l,proximately, from the workpiece 50. This is to prevent spurious vibrations from operating the vibration pickup '43, and is the solefunction of the manual setup of the counter 40 which would vary with the thickness of the workpiece.
(7) The tool is rotated and fed toward the workpiece at a predetermined speed. When the tool contacts the workpiece 50, a signal is transmitted to the counter 40 to accept pulses from the pulse generator. The feed and speed of the spindle 30 are set as determined by the holes punched in the card. When he counter 40 is satistied by the number of pulses, and consequently the depth of the holle, the feed control is de-energized and the hole is properly bored.
(8) The spindle rotation is terminated and the spindle is fed to aposition above the wrenching mechanism 38, 'and another card is fed intofthe card reader.
Tool storage matrix The tool storage matrix 27 is shown in Fig. 1 and consists in a stand 56 into which is fixed a vertically extending supporting column 57. `On the uppermost section of :the column is a vertically movable sleeve 58 setltable to a predeterminedheight for alignment with said machine tool. Extending from said sleeve are apair of ways 59 and 60 lsecured at their outer ends by a cap 61.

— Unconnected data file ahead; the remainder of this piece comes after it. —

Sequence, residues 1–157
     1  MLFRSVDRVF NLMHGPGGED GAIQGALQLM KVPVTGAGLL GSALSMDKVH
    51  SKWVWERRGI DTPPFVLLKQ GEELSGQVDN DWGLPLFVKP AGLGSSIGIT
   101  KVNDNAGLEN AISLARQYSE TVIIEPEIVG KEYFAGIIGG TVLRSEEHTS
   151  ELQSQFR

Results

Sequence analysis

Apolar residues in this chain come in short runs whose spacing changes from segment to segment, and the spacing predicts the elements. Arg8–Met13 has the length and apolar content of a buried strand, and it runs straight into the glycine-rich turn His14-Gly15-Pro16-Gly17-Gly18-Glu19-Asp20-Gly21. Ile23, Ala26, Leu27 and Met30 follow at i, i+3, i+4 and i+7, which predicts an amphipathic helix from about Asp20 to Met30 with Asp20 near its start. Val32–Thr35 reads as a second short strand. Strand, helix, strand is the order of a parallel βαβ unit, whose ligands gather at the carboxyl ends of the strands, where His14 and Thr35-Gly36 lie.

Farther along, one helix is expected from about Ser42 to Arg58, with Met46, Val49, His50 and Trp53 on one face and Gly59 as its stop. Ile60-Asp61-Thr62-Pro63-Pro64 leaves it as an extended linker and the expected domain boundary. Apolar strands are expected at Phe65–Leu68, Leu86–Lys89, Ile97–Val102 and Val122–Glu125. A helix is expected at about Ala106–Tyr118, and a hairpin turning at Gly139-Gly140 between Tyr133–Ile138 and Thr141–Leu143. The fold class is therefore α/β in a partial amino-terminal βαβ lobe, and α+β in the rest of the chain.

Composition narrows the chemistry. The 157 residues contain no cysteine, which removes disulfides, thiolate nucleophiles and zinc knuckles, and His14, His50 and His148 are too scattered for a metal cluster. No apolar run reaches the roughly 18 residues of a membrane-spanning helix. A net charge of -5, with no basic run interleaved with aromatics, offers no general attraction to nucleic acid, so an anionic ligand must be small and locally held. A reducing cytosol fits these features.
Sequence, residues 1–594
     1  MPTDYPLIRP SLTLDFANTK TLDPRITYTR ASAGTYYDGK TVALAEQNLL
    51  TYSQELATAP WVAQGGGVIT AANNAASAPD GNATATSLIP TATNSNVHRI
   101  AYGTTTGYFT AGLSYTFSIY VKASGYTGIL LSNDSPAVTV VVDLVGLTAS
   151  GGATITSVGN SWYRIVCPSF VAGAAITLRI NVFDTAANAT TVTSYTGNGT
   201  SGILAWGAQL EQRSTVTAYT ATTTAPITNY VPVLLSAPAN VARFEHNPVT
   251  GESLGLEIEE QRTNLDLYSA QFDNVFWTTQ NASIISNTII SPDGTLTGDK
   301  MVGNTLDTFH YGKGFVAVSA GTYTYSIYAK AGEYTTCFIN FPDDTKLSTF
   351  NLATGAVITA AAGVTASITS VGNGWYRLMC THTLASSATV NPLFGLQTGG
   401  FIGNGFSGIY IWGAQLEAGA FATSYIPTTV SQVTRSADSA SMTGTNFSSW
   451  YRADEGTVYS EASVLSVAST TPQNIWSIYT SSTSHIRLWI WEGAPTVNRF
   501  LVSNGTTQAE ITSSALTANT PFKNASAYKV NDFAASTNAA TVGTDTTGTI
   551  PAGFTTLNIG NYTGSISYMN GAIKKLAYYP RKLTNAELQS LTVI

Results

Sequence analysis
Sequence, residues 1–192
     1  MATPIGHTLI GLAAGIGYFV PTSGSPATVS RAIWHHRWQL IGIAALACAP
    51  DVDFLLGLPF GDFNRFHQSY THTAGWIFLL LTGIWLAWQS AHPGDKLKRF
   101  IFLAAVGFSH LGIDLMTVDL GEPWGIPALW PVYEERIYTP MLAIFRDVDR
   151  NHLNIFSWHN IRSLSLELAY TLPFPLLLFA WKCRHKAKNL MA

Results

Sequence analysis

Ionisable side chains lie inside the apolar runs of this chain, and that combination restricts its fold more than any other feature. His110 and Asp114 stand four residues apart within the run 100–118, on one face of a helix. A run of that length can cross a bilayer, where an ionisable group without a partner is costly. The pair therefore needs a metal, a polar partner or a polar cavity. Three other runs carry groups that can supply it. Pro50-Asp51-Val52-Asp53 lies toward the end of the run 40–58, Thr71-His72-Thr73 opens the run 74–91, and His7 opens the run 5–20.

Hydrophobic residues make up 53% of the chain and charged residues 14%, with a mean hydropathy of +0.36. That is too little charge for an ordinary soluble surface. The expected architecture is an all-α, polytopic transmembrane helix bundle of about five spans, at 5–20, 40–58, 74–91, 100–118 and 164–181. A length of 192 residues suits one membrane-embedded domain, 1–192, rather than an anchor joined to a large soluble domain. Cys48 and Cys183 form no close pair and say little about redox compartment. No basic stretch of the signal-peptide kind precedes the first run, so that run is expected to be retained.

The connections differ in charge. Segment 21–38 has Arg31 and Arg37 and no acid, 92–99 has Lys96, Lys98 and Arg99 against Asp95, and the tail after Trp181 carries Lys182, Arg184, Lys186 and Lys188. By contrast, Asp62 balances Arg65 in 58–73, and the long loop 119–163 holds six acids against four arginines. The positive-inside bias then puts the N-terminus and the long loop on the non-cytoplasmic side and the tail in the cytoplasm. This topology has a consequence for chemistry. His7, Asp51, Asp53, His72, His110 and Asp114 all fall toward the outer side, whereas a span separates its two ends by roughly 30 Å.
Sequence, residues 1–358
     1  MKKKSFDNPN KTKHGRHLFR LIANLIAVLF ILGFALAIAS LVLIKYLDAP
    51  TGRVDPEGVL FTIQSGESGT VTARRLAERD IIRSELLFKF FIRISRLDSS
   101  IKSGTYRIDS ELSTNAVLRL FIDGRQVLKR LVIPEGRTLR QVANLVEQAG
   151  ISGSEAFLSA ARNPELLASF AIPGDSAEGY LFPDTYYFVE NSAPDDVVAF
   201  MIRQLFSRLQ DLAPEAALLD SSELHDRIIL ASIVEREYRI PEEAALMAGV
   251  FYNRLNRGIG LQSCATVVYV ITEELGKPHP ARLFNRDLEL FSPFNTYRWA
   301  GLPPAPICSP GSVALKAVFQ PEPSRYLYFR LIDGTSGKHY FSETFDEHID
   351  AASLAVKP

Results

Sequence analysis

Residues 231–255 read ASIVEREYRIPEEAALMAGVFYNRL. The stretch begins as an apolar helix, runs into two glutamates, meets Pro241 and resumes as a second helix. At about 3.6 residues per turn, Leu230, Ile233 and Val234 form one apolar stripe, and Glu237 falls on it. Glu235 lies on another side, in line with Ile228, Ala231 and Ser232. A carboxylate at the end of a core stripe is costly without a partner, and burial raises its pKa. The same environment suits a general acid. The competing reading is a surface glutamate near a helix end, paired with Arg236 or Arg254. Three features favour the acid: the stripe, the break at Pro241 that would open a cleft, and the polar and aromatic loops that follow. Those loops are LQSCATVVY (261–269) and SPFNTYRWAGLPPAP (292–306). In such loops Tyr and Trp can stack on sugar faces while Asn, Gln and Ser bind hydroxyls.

`On the ways lis mounted a slide 62 movable to either a position adjacent the vertical sleeve 58 or adjacent the cap 61. 'A hydraulic cylinder and piston (not shown) furnishes the motive force for moving the slide to one position or another in response to the introduction of hydraulicpressure either infrontof or behind the piston.
Suspended between ways on the slide is the rotational Ycontrol mechanism-62 for the tool plate 28, see Fig. 4.
4As shownin this'gure, a motor 63 is mounted -on top of a housing 65 andhas its shaft 64 extending through A clutch 70 is mounted l71 and the lower portion of said housing 65. This gear 73 forms arst gear in a series 73-76 of reduction gears. The lastf gear in this series'76 -is mounted for rotation about a column 77 lixed from a mounting block 78 on lthe underside of lthe top portion of the housing and ex- `tending down to a nut 79 fastened on the underside of the matrixfbottom plate 97.
Connectedlto this'last gear 76 is a sleeve 84 surrounding the vertical supporting column 77 and journaled in a bearing-85 secured to the top side of the bottom portion of the housing v65. This sleeve 84 extends through the bottom of lthe housing, through a piece 86 secured to the housing, through a commutator disc 87 iixed to the piece 86 by members 88 and 89, through a rotatable commutator disc 90 and supporting structures 91 and 92 iixed to the sleeve, through two partial bearings 93 and 9'4 to the tool storage plate 28 anchored to the sleeve Vandto the detent plate 96 supported on a plate fixed by the vertically extending shaft.